While the Great Wall of China is undoubtedly the nation’s most famous engineering feat, another ancient Chinese construction project was arguably just as impressive, and certainly more successful. While the Great Wall repeatedly failed to keep out invaders from the North, this ancient construction is still being used today. That project is the Grand Canal, an 1800 kilometre running from Beijing in the north to Hangzhou in the south. Completed in the Sui dynasty in the early seventh century, this fourteen hundred year old canal is still the longest manmade waterway in the world.
The earliest stage of the Grand Canal dates back to the Wu state, some 2500 years ago, when an ancient waterway was built from Yangzhou on the Yangtze River to the Huai River, 170 kilometres to the North. However, the great bulk of the construction can be attributed to the reign of the Sui Dynasty emperor, Emperor Yangdi. In 608 he ordered that the canal be extended to Beijing in the north and in 610 he demanded it be extended four hundred kilometres from Zhenjiang on the Yangtze River to the southern city of Hangzhou. This section of canal became known as the Jiangnan Canal. With the completion of this canal, Northern and Southern China were reliably linked in all seasons. The project cost at least tens of thousands of lives and the tax burden on the Chinese people was so huge it greatly aided in the collapse of the short-lived Sui Dynasty, but Yongdi’s great infrastructure project proved to have numerous benefits for the nation.
For one, it enabled troops to be transported quickly in the case of an attack on the Northern frontier, giving a boost to national defence. Second and crucially, it increased the economic interdependence of the North and South, giving a massive boost to the Chinese economy. Cheap and plentiful grain from the Yangtze River basin could be diverted north to the area around Beijing, increasing its food security. In Chinese the Grand Canal is known as the “Grain Transport River”, giving a hint at its crucial role in feeding the kingdom. Marco Polo also described its importance in his writings, noting, “Every year the southern provinces provide the king with everything wanted to needed to live well in the infertile province of Beijing, all of which must arrive on a fixed day, otherwise those who are paid to transport them are subject to a heavy fine”. For many centuries it was one of the busiest arteries of trade and commerce in the world, and it is noteworthy that most of the most prosperous cities in China and still located near this ancient waterway.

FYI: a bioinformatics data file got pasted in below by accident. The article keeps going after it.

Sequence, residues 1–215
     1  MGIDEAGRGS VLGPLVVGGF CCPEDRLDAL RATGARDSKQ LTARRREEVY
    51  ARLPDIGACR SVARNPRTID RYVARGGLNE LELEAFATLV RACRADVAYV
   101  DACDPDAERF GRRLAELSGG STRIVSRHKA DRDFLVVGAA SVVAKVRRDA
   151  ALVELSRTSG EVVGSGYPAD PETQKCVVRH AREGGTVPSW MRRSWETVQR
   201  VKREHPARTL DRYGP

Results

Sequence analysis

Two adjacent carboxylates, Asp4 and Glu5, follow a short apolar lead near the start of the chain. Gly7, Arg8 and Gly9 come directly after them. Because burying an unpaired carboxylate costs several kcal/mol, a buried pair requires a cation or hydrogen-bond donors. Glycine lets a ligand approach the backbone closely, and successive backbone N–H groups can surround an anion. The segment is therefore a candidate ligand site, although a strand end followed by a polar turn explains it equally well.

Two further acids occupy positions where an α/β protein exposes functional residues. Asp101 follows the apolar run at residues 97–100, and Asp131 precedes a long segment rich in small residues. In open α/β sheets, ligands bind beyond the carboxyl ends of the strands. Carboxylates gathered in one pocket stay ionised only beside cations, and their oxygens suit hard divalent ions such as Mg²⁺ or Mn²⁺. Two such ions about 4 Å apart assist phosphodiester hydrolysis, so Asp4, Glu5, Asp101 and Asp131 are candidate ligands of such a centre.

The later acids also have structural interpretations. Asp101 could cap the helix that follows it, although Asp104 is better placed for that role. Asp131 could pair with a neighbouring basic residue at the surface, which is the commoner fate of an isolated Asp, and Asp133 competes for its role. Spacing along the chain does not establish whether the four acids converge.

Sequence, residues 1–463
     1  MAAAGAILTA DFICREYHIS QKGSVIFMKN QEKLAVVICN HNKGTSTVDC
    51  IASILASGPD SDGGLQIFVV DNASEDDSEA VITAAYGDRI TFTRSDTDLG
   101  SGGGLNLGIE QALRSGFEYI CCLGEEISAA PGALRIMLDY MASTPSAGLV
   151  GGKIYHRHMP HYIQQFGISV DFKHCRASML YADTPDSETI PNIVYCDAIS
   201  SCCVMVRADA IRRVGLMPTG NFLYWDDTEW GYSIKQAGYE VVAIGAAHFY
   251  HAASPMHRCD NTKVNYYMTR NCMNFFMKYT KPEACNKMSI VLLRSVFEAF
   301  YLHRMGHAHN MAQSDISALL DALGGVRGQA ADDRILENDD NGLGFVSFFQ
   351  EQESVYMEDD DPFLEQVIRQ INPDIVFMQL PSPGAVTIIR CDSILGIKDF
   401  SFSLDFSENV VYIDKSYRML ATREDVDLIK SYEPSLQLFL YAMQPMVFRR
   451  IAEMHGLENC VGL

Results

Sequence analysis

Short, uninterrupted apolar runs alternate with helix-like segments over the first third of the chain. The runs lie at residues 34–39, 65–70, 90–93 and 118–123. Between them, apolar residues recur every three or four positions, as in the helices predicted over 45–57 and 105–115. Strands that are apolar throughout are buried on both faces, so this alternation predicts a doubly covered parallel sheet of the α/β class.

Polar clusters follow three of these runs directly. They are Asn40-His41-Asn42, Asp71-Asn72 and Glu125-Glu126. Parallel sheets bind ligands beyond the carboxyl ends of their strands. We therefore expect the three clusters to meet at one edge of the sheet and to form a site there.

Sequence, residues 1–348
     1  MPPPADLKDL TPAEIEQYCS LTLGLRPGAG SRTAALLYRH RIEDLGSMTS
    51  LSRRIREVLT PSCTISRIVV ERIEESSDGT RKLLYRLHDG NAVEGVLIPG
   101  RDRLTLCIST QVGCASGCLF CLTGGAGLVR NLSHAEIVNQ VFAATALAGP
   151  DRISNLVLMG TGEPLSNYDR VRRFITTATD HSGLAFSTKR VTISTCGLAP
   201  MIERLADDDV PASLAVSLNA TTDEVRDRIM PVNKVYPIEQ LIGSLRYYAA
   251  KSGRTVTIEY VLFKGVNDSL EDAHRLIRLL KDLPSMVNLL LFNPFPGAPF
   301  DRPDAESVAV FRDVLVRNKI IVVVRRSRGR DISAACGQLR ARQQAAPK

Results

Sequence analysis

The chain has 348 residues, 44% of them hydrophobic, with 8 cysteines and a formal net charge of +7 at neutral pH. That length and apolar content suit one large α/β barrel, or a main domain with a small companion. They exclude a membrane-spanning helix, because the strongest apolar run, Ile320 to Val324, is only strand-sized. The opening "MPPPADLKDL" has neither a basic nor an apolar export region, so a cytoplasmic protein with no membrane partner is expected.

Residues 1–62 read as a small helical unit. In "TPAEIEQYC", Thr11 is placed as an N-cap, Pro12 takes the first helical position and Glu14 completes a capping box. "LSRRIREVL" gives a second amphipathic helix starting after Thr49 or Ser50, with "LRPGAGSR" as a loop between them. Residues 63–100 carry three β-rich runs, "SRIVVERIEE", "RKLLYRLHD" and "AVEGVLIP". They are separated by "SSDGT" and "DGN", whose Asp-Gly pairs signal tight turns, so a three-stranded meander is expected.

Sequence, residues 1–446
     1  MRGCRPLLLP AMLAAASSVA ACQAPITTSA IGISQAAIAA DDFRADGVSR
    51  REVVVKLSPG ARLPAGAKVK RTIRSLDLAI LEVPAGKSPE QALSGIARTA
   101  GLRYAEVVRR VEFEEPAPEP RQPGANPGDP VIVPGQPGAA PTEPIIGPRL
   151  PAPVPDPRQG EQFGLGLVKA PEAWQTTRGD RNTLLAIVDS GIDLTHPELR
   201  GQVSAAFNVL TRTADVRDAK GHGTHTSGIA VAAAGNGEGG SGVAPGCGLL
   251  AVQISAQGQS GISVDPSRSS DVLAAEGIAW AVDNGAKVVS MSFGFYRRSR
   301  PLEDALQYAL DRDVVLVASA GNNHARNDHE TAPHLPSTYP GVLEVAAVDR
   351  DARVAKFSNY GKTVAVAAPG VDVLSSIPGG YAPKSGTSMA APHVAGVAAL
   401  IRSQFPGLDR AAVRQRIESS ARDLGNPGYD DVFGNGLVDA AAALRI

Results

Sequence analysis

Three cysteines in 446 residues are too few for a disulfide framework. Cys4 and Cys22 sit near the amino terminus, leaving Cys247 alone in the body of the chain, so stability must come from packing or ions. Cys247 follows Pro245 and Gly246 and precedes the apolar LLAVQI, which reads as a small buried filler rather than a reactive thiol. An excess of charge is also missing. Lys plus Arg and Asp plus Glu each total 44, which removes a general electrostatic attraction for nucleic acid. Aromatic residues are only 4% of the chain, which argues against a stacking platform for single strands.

In 2005 China began the World Heritage listing process for the Grand Canal, saying of the waterway, “The canal is a manifestation of our country’s superiority over the world in water engineering and transport and it has been bequeathed to us as a rich legacy.” Despite its cultural and economic importance, it looks much the same as many smaller canals, so it has never been embraced as a tourist attraction. Nonetheless, for those interested in Chinese history, the Grand Canal is worth seeing. We got our best view of in in the Jiangsu city of Wuxi; in that part of Jiansgu, it is still regularly used by barges, which makes it more appealing as a sight. The Grand Canal passes about one kilometre to the west of the old town of Wuxi, and you can get a good view of it from Xihui Scenic Spot. There is even a barge harbour in town, which might be an interesting port of call (no pun intended) for those wanting to see canal life at its busiest.